Many families from Alleghany County migrated north to Maryland to find factory work in its cities and towns. One man was quoted as saying "There was a joke around here that there were only 46 states left in the country because North Carolina had gone to Maryland, and Maryland had gone to hell." Having grown up in the Depression herself, Megan had her own view of the economy. "We just barely had enough to buy what we needed at the store - lamp oil, sugar, and flour. Everybody had their own chickens, hogs, and a milk cow for milk and butter." In addition, water was taken from a nearby spring and vegetables were dried, canned, or kept in the root cellar for later consumption.

As mentioned in the introduction, the Blue Ridge Parkway was one of the methods used to generate jobs. Megan believes that the Parkway is not only responsible for employing her father, siblings and herself, but it also prevented her own out-migration to the northern cities. Megan said that if it weren't for the Parkway her family probably would have moved away or she would have spent the 47 years that she has worked for the Parkway, working in a factory job. When the Parkway idea was first proposed, the people of Alleghany County had their doubts, for having a new road meant losing land and the loss of land meant the loss of their household economic subsistence base.

"People were worried at first when the Parkway came through. They worried if they'd have enough land left to grow the corn they needed to feed the sheep, hogs, and horses. But they got jobs and they bought the corn instead." This quote is significant as we look at a community which is slowly shaping into a more tourist-oriented county. The quote still fits the train of thought today as the small farmers are slowing moving their dairy and livestock farming toward farming Christmas trees. Although every farmer I interviewed agreed that the Blue Ridge Parkway is not outwardly responsible for the decline in small farms, one cannot help but wonder if the loss of land, and the rules and regulations put on farmers and their equipment by the Parkway, did not at least have a minor hand in the process.

Megan's family personally had no adjustment problems toward the cash economy. Her father was a park warden (now called a park ranger) up until his death at age 46. All three of her brothers have worked on the Parkway at some time or another. Unlike some farmers, they did not lose much land, which may account for their smooth transition from a self-sufficient subsistence to one reliant on wage labor. Although Megan could not give me the precise number of acres lost, she estimated that as a whole her family probably only lost 10 acres out of 180. Her father's land, which she still lives on today, had no easement on it and although the Park Service tried to get them to sell their house, they refused. Her family homestead, which is probably only 400 feel from the road, is one of the only houses that remains close to the Parkway. The house that Megan and her husband, Chris, live in today is also on the Parkway. Directly across from her homestead, it stands on a hill, far away from the road but still visible as one drives past.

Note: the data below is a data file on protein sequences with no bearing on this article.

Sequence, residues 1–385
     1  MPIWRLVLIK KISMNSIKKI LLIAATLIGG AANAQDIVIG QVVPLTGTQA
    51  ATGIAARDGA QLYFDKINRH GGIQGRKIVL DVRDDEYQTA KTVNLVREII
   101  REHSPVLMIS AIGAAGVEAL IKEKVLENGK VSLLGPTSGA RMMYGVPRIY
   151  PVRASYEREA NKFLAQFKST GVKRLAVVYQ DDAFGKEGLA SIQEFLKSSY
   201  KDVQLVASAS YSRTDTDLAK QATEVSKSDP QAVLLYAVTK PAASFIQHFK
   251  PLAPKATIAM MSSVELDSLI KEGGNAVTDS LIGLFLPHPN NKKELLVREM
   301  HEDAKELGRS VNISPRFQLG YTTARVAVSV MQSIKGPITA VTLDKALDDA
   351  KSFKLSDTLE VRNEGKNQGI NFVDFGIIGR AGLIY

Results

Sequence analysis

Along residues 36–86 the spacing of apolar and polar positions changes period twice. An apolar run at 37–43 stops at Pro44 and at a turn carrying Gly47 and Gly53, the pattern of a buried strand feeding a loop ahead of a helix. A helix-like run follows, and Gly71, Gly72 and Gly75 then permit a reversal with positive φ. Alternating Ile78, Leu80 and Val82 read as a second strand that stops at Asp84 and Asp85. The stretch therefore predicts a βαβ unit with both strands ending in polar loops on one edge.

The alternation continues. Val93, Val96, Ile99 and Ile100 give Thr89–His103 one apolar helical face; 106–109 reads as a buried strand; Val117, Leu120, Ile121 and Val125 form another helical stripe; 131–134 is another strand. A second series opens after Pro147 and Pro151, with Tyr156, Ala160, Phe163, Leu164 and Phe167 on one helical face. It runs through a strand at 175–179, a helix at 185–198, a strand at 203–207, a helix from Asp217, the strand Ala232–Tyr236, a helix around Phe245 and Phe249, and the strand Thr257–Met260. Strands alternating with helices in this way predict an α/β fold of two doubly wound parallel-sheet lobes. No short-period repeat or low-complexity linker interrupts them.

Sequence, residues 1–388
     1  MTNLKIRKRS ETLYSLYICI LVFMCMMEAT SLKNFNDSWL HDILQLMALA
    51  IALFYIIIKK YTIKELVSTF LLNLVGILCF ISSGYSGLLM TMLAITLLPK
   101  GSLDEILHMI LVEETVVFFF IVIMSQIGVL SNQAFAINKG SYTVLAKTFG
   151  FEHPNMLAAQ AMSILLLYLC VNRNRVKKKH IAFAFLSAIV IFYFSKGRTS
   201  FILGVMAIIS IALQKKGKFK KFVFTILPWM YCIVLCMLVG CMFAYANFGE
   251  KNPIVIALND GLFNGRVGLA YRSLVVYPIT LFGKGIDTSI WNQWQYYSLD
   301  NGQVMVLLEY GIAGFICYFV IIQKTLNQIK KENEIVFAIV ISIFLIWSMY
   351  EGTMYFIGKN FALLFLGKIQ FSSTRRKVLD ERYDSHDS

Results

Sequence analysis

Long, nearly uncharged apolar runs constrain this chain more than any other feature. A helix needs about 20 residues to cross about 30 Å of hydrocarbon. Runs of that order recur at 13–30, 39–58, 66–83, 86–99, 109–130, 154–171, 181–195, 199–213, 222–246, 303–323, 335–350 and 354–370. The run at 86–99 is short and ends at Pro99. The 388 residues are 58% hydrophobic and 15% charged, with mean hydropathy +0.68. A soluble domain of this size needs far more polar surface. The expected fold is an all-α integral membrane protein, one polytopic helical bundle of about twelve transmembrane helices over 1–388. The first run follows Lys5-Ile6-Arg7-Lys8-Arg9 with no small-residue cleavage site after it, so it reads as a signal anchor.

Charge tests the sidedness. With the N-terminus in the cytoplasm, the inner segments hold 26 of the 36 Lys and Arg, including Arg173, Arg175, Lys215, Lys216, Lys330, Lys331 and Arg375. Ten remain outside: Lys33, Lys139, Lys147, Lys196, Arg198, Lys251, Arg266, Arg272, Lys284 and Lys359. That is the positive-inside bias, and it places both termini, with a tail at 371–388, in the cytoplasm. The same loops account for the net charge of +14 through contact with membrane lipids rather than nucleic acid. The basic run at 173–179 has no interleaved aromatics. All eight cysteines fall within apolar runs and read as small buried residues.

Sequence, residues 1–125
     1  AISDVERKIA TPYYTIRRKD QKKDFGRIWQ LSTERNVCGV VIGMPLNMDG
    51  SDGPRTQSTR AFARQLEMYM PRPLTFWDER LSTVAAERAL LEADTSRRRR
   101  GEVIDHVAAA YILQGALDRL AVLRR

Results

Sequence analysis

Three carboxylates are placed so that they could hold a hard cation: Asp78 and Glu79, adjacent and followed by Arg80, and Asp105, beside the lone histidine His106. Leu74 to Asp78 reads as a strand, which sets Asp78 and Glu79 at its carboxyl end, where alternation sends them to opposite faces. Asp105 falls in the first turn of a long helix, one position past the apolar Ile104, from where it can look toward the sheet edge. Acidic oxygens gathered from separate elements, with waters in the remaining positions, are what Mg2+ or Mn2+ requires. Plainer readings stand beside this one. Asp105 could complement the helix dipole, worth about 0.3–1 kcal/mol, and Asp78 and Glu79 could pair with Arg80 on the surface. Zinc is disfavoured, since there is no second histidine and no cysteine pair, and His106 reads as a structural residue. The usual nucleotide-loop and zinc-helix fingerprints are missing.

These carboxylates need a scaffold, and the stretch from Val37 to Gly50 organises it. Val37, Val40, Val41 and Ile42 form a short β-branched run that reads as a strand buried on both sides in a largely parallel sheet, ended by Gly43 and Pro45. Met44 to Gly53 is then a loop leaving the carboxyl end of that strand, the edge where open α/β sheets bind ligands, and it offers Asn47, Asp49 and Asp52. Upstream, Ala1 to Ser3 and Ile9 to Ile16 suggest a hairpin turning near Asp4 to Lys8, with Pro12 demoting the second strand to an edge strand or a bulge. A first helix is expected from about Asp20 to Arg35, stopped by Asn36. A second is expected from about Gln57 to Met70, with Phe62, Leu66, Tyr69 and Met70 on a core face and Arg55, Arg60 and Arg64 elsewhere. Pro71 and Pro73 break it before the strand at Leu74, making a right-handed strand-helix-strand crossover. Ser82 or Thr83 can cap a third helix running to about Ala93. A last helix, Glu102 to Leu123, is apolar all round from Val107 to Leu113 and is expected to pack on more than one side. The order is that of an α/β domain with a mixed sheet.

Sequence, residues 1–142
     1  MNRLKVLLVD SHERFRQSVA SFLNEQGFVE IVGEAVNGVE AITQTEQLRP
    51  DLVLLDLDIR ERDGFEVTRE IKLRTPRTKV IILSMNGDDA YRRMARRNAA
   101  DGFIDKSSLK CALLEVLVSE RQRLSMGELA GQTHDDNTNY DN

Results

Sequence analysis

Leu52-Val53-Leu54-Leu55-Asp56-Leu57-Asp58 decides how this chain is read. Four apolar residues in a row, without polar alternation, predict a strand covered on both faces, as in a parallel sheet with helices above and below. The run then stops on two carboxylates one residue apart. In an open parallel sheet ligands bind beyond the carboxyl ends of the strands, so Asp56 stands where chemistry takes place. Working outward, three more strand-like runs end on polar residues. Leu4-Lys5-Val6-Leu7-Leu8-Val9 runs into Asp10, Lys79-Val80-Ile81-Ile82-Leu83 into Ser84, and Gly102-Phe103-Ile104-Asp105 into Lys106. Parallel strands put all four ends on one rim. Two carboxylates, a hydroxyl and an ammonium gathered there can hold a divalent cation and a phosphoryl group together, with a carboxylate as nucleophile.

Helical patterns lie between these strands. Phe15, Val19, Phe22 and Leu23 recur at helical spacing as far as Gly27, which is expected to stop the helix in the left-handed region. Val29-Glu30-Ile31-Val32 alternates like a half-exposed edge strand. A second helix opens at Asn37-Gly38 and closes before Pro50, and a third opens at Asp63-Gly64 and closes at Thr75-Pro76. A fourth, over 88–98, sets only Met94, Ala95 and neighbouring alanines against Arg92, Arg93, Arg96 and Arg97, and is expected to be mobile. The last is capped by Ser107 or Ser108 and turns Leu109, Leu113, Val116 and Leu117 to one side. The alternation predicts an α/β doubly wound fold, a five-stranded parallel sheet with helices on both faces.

Megan does not literally work for the Park Service. She works for the National Park Concessions, which is a food company that services national parks all across the United States. She has worked there for 47 seasons, six months out of the year. Her career as a waitress began when she went to college at the age of 18 in High Point and became homesick. Her house was only five miles away from the Bluffs Coffee Shop, so she went in there and asked for a job. The Parkway not only provided her and her family with employment, it also brought her husband into their lives. A native of Kentucky, Chris was working on the Parkway one summer in the maintenance shop when he met Megan. After a short stint in the military, Chris and Megan married and Chris began his 28-year old career as a maintenance technician for the Parkway.

Megan has seen a lot of physical changes on the Parkway during her 47 years. The road has been repaved two to three times, and the land that was once just grass with a few trees has developed into a forest that "...most of the government owns because they want it to go back to nature." She has also seen what she sees as boom to the economy. Since the Coffee Shop has gotten computers, they now keep an end-of-the-day count of customers that go through. The most the shop has had has been 1,300 people in one day. On an average weekend, they can get as few as five to as many as 800 customers that come in to get a drink or to eat. This year has been extraordinary for tourists that come from other countries, such as France and Germany. However, Megan says, they do get their share of North Carolina locals who want to take a day off and sightsee, picnic or camp, from Charlotte, Sparta, Elkin, and North Wilkesboro.